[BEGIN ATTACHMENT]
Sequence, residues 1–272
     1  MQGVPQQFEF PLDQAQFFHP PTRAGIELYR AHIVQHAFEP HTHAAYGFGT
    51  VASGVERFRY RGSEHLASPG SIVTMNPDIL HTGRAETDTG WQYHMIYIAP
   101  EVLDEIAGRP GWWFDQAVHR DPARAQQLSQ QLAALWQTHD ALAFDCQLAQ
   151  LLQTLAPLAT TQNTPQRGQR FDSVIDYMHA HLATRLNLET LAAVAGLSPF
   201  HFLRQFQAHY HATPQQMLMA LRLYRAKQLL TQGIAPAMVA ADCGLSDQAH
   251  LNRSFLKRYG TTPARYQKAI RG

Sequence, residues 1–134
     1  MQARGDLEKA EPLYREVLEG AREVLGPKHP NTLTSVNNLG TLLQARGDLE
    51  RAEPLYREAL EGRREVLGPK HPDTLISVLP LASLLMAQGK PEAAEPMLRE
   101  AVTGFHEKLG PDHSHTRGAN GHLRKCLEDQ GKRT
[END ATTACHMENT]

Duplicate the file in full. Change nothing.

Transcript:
Sequence, residues 1–272
     1  MQGVPQQFEF PLDQAQFFHP PTRAGIELYR AHIVQHAFEP HTHAAYGFGT
    51  VASGVERFRY RGSEHLASPG SIVTMNPDIL HTGRAETDTG WQYHMIYIAP
   101  EVLDEIAGRP GWWFDQAVHR DPARAQQLSQ QLAALWQTHD ALAFDCQLAQ
   151  LLQTLAPLAT TQNTPQRGQR FDSVIDYMHA HLATRLNLET LAAVAGLSPF
   201  HFLRQFQAHY HATPQQMLMA LRLYRAKQLL TQGIAPAMVA ADCGLSDQAH
   251  LNRSFLKRYG TTPARYQKAI RG

Sequence, residues 1–134
     1  MQARGDLEKA EPLYREVLEG AREVLGPKHP NTLTSVNNLG TLLQARGDLE
    51  RAEPLYREAL EGRREVLGPK HPDTLISVLP LASLLMAQGK PEAAEPMLRE
   101  AVTGFHEKLG PDHSHTRGAN GHLRKCLEDQ GKRT